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From sperat worlds

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The law of the land was to never look up at the sky – always keep your eyes on the ground. It was a redundant law really, staring at the ground wasn’t going to make any difference should the sky decide to swallow you up. But fear was an illogical thing, and once the base was set, people often forgot to question it. This law was about as old as Aiga itself, dating back to when the sky supposedly carried the sinners off into it. It was all very questionable really. Did falling into the sky really justify branding them as sinners?

Aida considered himself a simple man with simple hopes; that his son Age finds happiness and to one day fly. Perhaps the latter one wasn’t so simple. Unlike the rest of the inhabitants of Aiga, Aida found the sky not as a source of fear, but as a thing of beauty. He loved staring up at the sky any chance he got, and didn’t care a bit what other people thought of this fascination. His love of the sky had even passed its way down to his son, allowing the two of them to spend time together enjoying a common interest.

His wife hadn’t been as accepting of this quick. She left him soon after Age was born, not wanting to have anything to do with him or their son. He hadn’t been sad to come home one day to a home emptier by one person. Though they had married, there wasn’t any love in the relationship, at least not from his end. He’d liked her well enough, and besides the sky thing, had tolerated each other enough to have a functional relationship. Though, as of right now there was only one person he trusted with his secret dream. Age was the only one who knew he wished to one day fly into the sky above.

It was such an important thing to him that he kept it close to his heart, and only trusted those close in his heart with it. It was very unlikely he’d ever get to fly, but he could dream none the less. Dreaming was all he could do in this world besides simply surviving, but just living day to day wasn’t enough. After all, was that really living?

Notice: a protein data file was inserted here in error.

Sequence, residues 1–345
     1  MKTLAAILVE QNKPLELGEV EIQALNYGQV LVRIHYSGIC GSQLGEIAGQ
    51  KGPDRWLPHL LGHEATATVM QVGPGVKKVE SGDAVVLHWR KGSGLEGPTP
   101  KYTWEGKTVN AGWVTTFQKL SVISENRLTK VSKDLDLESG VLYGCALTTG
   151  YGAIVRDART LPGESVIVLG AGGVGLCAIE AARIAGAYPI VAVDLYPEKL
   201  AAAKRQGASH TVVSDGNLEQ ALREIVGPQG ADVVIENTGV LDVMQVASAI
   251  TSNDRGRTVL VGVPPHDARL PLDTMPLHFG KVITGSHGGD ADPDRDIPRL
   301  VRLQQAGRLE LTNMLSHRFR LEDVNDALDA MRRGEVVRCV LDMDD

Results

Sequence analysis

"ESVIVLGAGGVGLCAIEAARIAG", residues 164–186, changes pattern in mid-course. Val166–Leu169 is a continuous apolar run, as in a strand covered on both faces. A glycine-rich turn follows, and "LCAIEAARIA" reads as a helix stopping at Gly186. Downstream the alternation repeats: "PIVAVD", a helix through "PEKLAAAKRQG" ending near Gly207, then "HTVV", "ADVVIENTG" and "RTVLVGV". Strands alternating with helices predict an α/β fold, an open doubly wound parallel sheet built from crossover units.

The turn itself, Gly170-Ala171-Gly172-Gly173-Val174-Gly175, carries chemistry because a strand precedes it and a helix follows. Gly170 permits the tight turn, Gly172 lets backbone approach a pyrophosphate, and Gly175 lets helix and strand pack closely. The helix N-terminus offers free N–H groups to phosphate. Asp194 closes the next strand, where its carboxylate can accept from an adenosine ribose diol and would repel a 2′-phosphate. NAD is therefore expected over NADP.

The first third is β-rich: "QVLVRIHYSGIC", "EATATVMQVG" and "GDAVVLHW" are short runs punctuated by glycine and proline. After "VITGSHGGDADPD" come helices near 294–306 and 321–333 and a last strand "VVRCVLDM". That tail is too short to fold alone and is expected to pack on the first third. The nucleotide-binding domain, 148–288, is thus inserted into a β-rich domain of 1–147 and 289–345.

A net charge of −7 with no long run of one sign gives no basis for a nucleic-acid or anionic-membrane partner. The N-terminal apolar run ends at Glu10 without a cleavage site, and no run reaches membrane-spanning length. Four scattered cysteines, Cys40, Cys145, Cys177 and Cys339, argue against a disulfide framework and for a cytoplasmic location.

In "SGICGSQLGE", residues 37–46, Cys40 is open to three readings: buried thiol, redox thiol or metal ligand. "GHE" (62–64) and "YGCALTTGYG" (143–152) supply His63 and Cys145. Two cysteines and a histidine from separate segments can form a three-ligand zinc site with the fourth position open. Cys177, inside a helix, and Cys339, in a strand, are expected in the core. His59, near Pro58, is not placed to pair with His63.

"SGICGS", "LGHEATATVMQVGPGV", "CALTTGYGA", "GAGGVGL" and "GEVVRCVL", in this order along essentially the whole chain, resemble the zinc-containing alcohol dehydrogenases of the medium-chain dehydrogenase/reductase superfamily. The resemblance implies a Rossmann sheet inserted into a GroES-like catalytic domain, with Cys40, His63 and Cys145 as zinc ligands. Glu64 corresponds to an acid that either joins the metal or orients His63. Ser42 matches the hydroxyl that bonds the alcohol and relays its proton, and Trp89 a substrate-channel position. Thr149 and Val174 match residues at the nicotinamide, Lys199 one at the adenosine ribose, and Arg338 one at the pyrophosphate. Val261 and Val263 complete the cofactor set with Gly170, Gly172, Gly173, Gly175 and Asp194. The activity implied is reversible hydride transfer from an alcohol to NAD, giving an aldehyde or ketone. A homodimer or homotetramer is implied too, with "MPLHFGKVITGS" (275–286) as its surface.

Life in Aiga was built around routine, so nothing abnormal usually happened. Generally speaking, the wildest thing to happen in day to day life was the automated sidewalk breaking down, halting traffic until the issue was resolved, or people remembered they could walk to work with their own legs. With that logic in mind, Aida froze at the peculiar sight. A man dressed in strange clothing, but otherwise no different from him in appearance clung to the chain links of the fence gaiting off the pit. He was positioned upside down, but he didn’t look the slightest bit dizzy. Even stranger was the rope attached to his belt, it was falling towards the sky.

He’d heard about these people; the inverted. The so-called sinners who fall into the sky. And here he now face to face with one such inverted. He had to blink a few times just to make sure he wasn’t dreaming, that this was indeed real.

“Um, hello there.” The inverted man said in an awkward greeting. “I’m Lagos.”

“Oh, I’m Aido, nice to meet you.” He replied.

Tentatively he took cautious steps to bring himself closer to Lagos. Realistically Lagos was probably the more nervous of the pair, as he didn’t exactly have many options of escape after all, of if even half of the information on inverted was fact, he was the one who was in the most danger. But logic didn’t exactly have the loudest voice in situations like this. Lagos didn’t outright show his nervousness like Aido did, but there was a nervous tick to the way his hands gripped the gate a little tighter as he approached.

“You really are inverted” Aido said absentminded.

“From my perspective, you’re the inverted one here.” Lagos pointed out.

There was something about how obvious that statement was that caused the tension to bleed out in a fit of laughter. They stayed like that for a moment, letting out the last of their nerves in bubbles of snorting and laughter.